\begin{verbatim}
  \begin{thebibliography}{10}
  \bibitem{Goldback1742}[Goldbach, 1742]
    Christian Goldback.
    \newblock A problem we should try to solve before the ISPN '43 deadline, 
    \newblock \emph{Letter to Leonhard Euler}, 1742.
  \end{thebibliography}
\end{verbatim}
and he can then add a citation:
\begin{verbatim}
\begin{block}{Open Questions}
  Is every even number the sum of two primes?
  \cite{Goldbach1742}
\end{block}
\end{verbatim}





\subsection{Verbatim Text}

One another frame, Euclid would like to show a listing of an
algorithm his friend Eratosthenes has send him (saying he came up with
it while reorganizing his sieve collection). Euclid normally uses the
|verbatim| environment and sometimes also similar environments like
|lstlisting| to typeset listings. He can also use them in \beamer, but
he must add the |containsverbatim| option to the frame and he cannot
use overlays on frames typeset using this option:
\begin{verbatim}
\begin{frame}[containsverbatim]
  \frametitle{An Algorithm For Finding Primes Numbers.}

%\begin{verbatim} 
int main (void)
{
  std::vector<bool> is_prime (100, true);
  for (int i = 2; i < 100; i++)
    if (is_prime[i])
      {
        std::cout << i << " ";
        for (int j = i; j < 100; is_prime [j] = false, j+=i);
      }
  return 0;
} 
\end{verbatim}
\unskip{\MacroFont|\end{verbatim}|}
                                %\begin{verbatim}
\begin{verbatim}
\end{frame}
\end{verbatim}
Euclid is a bit alarmed that he cannot use verbatims together with
overlays directly. Fortunately, there exists a slightly more
complicated mechanism, where the verbatim text has to be ``declared''
before the frame, for using verbatims together with overlays.



\subsection{Changing the Way Things Look I: Theming}

With the contents of this talk fixed, Euclid decides to have a second
look at the way things look. He goes back to the beginning and finds
the line
\begin{verbatim}
\usetheme{Warsaw}
\end{verbatim}
By substituting other cities (he notices that these cities seem to
have in common that there has been a workshop or conference on
theoretical computer science there at which always the same person had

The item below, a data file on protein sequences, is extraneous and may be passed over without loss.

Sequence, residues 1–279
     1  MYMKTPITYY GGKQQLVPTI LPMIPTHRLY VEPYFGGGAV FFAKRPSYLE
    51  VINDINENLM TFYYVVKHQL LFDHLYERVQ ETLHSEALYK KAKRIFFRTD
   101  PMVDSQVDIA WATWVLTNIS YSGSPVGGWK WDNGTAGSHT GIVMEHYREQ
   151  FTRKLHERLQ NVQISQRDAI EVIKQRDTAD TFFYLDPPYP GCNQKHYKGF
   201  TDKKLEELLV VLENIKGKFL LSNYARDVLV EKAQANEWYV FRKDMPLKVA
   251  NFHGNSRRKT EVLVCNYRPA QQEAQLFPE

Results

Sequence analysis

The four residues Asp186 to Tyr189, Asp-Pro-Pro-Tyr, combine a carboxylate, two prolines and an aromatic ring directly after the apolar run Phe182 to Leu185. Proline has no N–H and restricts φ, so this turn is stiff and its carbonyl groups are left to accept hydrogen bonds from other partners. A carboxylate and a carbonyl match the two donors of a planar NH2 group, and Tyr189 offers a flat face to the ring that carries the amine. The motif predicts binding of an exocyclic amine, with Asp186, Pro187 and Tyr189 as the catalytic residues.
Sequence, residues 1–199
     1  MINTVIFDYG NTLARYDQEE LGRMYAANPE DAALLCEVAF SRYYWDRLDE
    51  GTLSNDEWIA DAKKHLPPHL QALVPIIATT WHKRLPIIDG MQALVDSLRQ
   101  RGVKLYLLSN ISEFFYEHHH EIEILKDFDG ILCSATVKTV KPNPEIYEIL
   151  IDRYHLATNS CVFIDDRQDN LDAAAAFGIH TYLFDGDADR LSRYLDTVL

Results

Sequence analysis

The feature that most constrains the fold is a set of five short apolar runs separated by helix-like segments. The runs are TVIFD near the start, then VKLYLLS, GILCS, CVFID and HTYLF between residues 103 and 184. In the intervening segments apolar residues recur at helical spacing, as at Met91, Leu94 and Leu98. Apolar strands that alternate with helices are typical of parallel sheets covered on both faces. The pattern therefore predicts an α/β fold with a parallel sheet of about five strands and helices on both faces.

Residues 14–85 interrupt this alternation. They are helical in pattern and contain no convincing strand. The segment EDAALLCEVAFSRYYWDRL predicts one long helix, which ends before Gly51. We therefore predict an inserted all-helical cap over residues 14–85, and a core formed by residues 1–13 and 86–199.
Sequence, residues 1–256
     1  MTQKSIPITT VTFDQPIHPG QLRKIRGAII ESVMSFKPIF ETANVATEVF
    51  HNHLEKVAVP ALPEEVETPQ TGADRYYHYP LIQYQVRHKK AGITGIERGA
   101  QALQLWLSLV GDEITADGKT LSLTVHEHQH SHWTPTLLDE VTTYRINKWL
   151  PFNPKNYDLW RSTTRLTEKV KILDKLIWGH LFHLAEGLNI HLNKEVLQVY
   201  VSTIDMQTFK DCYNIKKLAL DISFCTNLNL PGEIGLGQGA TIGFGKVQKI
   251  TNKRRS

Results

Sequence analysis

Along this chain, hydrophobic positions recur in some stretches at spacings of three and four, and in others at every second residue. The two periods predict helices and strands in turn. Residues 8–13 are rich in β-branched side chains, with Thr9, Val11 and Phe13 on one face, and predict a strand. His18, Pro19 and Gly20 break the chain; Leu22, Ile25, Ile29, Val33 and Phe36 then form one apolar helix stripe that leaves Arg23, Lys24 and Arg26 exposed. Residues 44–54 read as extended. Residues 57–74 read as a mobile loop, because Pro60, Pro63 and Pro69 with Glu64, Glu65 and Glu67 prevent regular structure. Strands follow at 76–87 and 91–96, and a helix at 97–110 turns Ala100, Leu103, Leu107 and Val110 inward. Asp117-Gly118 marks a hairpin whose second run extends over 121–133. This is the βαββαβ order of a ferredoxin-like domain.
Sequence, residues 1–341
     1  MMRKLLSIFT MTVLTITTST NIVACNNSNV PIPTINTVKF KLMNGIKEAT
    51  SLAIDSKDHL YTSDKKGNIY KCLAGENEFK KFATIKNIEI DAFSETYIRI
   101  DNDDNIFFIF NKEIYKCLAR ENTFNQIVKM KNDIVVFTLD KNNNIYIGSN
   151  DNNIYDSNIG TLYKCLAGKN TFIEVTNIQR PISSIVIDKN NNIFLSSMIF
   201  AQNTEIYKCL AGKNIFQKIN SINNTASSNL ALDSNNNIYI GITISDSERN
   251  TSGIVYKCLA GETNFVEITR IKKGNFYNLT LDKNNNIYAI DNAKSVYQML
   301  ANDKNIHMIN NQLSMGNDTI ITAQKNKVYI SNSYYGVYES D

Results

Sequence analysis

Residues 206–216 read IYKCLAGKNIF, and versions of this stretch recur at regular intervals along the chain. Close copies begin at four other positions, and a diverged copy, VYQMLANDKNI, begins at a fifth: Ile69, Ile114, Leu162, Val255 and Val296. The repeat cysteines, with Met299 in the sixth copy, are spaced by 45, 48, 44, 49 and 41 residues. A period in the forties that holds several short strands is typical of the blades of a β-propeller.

a paper, attended, or gave a talk) Euclid can change the way his
presentation is going to look. He decides to choose some theme that is
reasonably simple but, since his talk is not too short, shows a bit of
navigational information.

He settles on the |Frankfurt| theme but decides that the light-dark
contrast is too strong. He adds
\begin{verbatim}
\usecolortheme{seahorse}
\usecolortheme{rose} 
\end{verbatim}  
The result seems some more subdued to him.

Euclid decides that the font used for the titles is not quite
classical enough (classical fonts are the latest chic in
Alexandria). So, he adds
\begin{verbatim}
\usefonttheme[onlylarge]{structuresmallcapsserif}
\end{verbatim}

Euclid notices that the small fonts in the navigation bars
are a bit hard to read as they are so thin. Adding the following
helps:
\begin{verbatim}
\usefonttheme[onlysmall]{structurebold}
\end{verbatim}


\subsection{Changing the Way Things Look II: Colors and Fonts}

Since Euclid wants to give a \emph{perfect} talk, he decides that the
font used for the title simply has to be a serif italics. To change
only the font used for the title, Euclid uses the following command:
\begin{verbatim}
\setbeamerfont{title}{shape=\itshape,family=\rmfamily}
\end{verbatim}
He notices that the font is still quite large (which he likes), but
wonders why this is the case since he did not specify this. The reason
is that calls of |\setbeamerfont| accumulate and the size was already
set to |\large| by some font theme. Using the starred version of
|\setbeamerfont| ``resets'' the font.

Euclid decides that he would also like to change the color of the
title to a dashing red, though, perhaps, with a bit of black added. He
uses the following command:
\begin{verbatim}
\setbeamercolor{title}{fg=red!80!black}
\end{verbatim}
Trying the following command, Euclid is delighted to find that
specifying a background color also has an effect:
\begin{verbatim}
\setbeamercolor{title}{fg=red!80!black,bg=red!20!white}
\end{verbatim}


Finally, Euclid is satisfied with the presentation and goes ahead and
gives a great talk at the conference, making many new friends. He also
writes that email to \beamer's author containing that long list of
things that he missed in \beamer\ or that do not work. He is a bit
disappointed to learn that it might take till ISPN~'79 for all these
things to be taken care of, but he also understands that \beamer's
author also needs some time to do research or otherwise he would have
nothing to given presentations about.